Published in KPBS On Air Magazine June 2002

A female Othello. A Jewish Christmas story. The Women’s Repertory Theatre loves paradox and provocation. Founded late in 2001, the fledgling company is dedicated to providing stage roles for women, developing new works that feature female protagonists and exploring the classics from a non-gender bias.

Their first offerings are true to their mission. Last winter, they produced “Carol,” a new play written by WRT co-founders Gayle Feldman and Todd Blakesley, a decidedly feminist take on Dickens’ “A Christmas Carol.” In December, they’ll present the sequel, “Carol: A Jewish Christmas Story.” And this month, they’re mounting an all-female “Othello.”

“All of the most brilliant roles in the canon are for males,” says Feldman, former artistic director of Diversionary Theatre. “We want to give women a chance to play these roles. ‘Othello’ is perfect. It’s a great Shakespeare play, it requires a smaller cast, it deals with issues of racism as well as relationship. ”

So what brings a man into the mix? Blakesley is firm in asserting, “If guys don’t stick together with the women, it’s a cold, dark night. Everyone interested in equality pushes a little bit. I push in theater.”

While Blakesley serves as producer of “Othello,” Feldman is taking on the role of the villain, Iago.

“He’s a very complex character,” she says. “I couldn’t play him as pure evil. I don’t see him as evil, though he ends up doing something evil. He’s a military man, trying to climb the ladder. He serves the general faithfully and he expects a promotion. He gets rejected for a pretty-boy without experience on the field. Actors understand this. We really don’t have a ladder to climb, and this leads to a great deal of frustration. Iago acts out his vengeance in a kind of war-game. Beneath it all, coming from a psychological position, though Shakespeare didn’t necessarily care about that, he probably has a devastating history. He’s probably something of a psychopath, disconnected from his compassion.”

“Kind of like a disgruntled postal worker,” Blakesley chimes in.

“Othello kills Desdemona,” Feldman continues. “But he’s still a heroic character. Everyone forgives him, and he’s redeemed, because being cuckolded is the worst thing imaginable. But here’s an issue for me: If Desdemona had been guilty, would it have been justifiable to kill her?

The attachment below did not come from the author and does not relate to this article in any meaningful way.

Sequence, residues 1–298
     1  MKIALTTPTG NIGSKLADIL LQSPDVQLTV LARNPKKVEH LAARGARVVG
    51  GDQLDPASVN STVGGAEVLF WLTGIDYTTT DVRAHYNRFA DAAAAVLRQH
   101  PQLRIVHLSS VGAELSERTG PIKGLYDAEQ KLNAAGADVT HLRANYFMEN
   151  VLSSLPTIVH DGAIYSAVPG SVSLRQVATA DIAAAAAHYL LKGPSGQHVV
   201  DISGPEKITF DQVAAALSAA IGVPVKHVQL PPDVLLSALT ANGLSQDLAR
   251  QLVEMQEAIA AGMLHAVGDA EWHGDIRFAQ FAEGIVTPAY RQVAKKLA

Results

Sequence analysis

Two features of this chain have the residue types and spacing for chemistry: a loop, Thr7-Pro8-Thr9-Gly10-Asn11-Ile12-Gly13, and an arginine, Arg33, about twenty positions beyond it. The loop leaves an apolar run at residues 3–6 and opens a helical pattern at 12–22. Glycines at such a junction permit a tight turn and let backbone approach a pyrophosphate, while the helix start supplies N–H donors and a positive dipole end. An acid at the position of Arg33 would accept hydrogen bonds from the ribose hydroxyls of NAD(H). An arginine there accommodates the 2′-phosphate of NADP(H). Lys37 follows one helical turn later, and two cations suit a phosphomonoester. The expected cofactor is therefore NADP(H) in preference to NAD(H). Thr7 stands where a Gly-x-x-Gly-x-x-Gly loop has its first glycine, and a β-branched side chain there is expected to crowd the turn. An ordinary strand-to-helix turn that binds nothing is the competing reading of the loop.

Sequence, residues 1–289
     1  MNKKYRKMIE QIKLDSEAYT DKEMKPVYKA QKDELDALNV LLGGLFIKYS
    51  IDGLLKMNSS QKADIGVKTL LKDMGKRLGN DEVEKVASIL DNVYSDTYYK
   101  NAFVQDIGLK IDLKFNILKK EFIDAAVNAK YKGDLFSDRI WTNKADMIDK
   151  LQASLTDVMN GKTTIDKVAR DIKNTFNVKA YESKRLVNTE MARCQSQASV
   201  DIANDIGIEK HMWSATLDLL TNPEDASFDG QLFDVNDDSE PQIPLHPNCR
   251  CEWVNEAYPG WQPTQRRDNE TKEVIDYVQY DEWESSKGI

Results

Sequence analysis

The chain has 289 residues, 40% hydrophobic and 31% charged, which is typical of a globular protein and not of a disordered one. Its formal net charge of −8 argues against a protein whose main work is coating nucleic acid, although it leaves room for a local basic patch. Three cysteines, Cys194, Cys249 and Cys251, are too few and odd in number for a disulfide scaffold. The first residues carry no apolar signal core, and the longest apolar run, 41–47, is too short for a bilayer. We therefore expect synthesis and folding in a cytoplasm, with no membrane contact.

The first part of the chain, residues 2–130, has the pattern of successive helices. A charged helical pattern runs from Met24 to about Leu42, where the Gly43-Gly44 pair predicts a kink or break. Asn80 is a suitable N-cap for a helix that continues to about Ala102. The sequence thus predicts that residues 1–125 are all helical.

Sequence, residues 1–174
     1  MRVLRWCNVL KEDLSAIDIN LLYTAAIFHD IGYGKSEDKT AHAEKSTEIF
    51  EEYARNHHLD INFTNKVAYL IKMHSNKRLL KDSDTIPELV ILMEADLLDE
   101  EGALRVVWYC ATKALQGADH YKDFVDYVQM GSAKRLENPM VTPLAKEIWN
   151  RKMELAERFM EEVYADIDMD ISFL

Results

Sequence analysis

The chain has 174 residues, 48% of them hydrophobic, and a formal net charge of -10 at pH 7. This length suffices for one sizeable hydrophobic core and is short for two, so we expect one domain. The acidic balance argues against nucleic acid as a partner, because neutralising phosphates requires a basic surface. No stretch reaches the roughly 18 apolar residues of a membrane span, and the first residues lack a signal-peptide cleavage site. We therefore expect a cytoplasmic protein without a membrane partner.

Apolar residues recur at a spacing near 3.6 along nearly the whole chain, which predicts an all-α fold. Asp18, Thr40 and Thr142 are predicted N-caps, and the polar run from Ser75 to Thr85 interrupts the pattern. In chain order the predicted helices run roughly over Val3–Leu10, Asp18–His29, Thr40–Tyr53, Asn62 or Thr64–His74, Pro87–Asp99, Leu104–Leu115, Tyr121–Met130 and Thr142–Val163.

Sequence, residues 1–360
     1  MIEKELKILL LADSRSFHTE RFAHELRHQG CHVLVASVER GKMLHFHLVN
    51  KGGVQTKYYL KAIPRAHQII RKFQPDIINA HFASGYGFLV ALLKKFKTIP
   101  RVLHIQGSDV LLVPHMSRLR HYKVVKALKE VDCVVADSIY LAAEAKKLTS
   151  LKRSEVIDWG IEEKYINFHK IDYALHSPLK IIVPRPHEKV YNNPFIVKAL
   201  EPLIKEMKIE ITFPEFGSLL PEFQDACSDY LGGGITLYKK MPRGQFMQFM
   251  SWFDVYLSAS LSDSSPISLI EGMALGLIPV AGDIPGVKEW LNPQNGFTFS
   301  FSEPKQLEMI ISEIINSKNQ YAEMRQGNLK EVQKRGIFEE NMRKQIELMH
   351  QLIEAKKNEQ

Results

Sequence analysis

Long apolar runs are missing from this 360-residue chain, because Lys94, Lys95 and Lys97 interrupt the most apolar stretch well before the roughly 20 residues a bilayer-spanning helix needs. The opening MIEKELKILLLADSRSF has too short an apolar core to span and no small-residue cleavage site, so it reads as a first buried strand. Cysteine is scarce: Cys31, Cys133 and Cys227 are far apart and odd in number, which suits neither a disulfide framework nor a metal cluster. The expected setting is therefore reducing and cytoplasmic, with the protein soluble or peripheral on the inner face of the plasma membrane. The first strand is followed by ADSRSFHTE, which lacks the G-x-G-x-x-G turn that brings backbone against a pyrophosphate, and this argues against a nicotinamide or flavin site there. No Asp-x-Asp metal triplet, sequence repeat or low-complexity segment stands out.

“Since reading the text and working on Iago, I’ve moved into the more feminine part of myself. I’ve become more loving and caring and compassionate. That’s reason enough for women to experience some of these really dark roles. When you touch the dark in yourself, you touch the light. When you shine a light in one place, you start to see everything, all of you.”

Feldman and Blakesley have gathered together some high-octane participants in this production. Well-respected local actor Sylvia M’Lafi Thompson plays Othello, and Delicia Turner Sonnenberg, artistic associate at the San Diego Repertory Theatre, directs. She chose to set the piece in the 1950s.

“I wanted to find a time when the division between genders and races was very clear, very distinct. It was a time when men were men and women were dames, and blacks and whites were completely separate.

“Shakespeare’s play is set in Venice and Cypress. In my mind, Venice is like Washington, D.C., the seat of government and order. Cypress is the birthplace of Aphrodite, goddess of love. Compared to Venice, it was a wild, primitive place. Such a masculine play set on this very feminine island. I think it all fits fine. I’m not trying to add a lot of stuff. I’m just giving the audience and actors a kind of context. Even though the women are dressed as men, the main focus is in telling the story as Shakespeare wrote it, in a way that’s both provocative and true to the text. Having women up there adds something a little extra.

“The sexual issue becomes important. We think we’re watching something that’s taboo, forbidden. Black and white, woman and woman. And our Othello is much older than our Desdemona (L.A. actor JoAnn Glover). We can’t help but think about the women here. We won’t be able to forget. In that sense, this production is kind of Brechtian. The players become the characters. The actors all happen to be female, and they’re going to play men. My hope is that we’re telling the story so well it doesn’t matter. I come from an African American matriarchy. Women already know what women are capable of. It’s important for us to do this production for the men.”

After WRT’s premiere, which earned very favorable reviews, Feldman reported that “audiences loved it. They said it was a real, intimate theater experience. They laughed, they cried, they were stunned. We want to entertain and to shake them up, about women’s issues, about racism in this play and anti-Semitism in the next. We’re always shooting for that laugh-cry experience.”

[Othello runs from June 13-July 20 in the new Actor’s Asylum space in La Mesa; 619-282-3277 •]

©2002 Patté Productions Inc.